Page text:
I know, some of us are pretty tired of the debate already, but I wanted to share with you some thoughts I have been having lately regarding the debate.
A few days ago, I read a letter in a local paper that really got me thinking. It was from a local pastor who talked about his health care coverage and how it affected him and his family. While they were pretty much covered, they have a son with Down Syndrome. He talked about the anxiousness and worry because of the 'pre-existing condition' if his son ever needed medical insurance of his own.
But that wasn't really what his letter was about. It was about some of the people in his parish. He talked about the elderly, the widowed, the unemployed, etc. And he lumped them all into the category of 'the least of these'. As you recall, Jesus said, 'I tell you the truth, when you refused to help the least of these my brothers and sisters, you were refusing to help me.' Have you ever experienced not really getting a point until someone explains it again or someone else explains it to you? That little letter from the local pastor did just that. I finally got the point.
For a while now I could see both sides of the issue pretty well. And, admittedly, I was a fence walker -- both sides made very good points. The only way forward that I saw was one of constant battle and it looked to be a long one.
But then, with that one letter, the flood gates on the 'pro' side were flung wide open and I could view the sea of people who fall into the category of 'the least of these' and the conversation was over. Not so much about how we need to fix the health care system, but the conversation about needing to at all.
As a follower of Jesus, it is my vocation to focus my life on the things that Jesus cared about, and that would include the marginalized in our society. Sure, things may be fine for me, but I'm not one of the least among us. The context of that quote (Matthew 25), refers to how we treat those in prison, sick, hungry, etc. In other words, the focus is not on the souls of the marginalized, but on their physical needs. Too often, the Church seems only concerned about the souls of people. Well, to be fair, most of the Churches in my area only seemed concerned about the souls of people. Your neighborhood is probably a lot better. But I doubt it. According to many of the things attributed to Jesus, caring for the 'least of these' was a top priority. And how we treat them is how we treat him. This reminds me of seeing Christ in all people. Do we see that? Do we see Jesus as the person whose down on her luck and has no health care and is in need of our assistance.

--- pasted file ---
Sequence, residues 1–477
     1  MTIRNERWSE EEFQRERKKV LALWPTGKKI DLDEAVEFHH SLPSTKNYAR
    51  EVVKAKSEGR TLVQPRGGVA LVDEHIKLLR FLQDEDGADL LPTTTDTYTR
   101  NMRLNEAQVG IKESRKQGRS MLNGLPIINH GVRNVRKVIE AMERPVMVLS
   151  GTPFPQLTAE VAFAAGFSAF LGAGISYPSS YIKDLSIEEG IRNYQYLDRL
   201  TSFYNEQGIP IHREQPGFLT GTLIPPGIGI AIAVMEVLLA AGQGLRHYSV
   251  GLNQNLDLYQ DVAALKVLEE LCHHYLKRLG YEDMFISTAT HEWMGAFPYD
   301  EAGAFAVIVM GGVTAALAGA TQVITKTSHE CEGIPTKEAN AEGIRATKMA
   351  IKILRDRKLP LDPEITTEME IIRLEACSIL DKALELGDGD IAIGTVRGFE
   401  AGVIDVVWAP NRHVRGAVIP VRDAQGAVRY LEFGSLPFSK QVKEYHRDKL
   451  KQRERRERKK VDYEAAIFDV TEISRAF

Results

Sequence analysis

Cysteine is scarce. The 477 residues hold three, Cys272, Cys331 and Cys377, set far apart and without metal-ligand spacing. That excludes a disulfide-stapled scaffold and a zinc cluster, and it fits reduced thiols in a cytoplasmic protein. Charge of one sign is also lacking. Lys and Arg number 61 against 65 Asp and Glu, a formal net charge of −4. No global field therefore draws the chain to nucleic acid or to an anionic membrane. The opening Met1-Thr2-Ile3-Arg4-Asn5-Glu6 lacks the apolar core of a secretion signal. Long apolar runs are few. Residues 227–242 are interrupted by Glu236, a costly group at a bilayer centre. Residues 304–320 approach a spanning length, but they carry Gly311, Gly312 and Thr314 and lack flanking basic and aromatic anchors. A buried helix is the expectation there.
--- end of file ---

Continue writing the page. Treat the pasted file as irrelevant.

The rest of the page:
'I barely have enough resources to cover my own needs and those of my families. There is no way that I can help with his.'
And that's why health care reform is needed so desperately. Since the Church is unable to meet this need, then the government should do it's best to do so. It all comes down to loving others as Christ loves us. Shouldn't we be putting our own needs aside and making certain that others needs are met? We do that for our children, why don't we do that for our fellow human beings, those people who are made in the image of God -- our brothers and sisters in humanity? We are called to give more than we are asked to give -- walk the extra mile, give our shirt as well as our coat, etc. We are called to empty ourselves for others, for creation. Are we giving ourselves for the least of these our brothers and sisters? If not, then we are not doing so for Jesus either. We are just playing games and it is costing us and the rest of creation dearly.
In the Grace of the Three in One,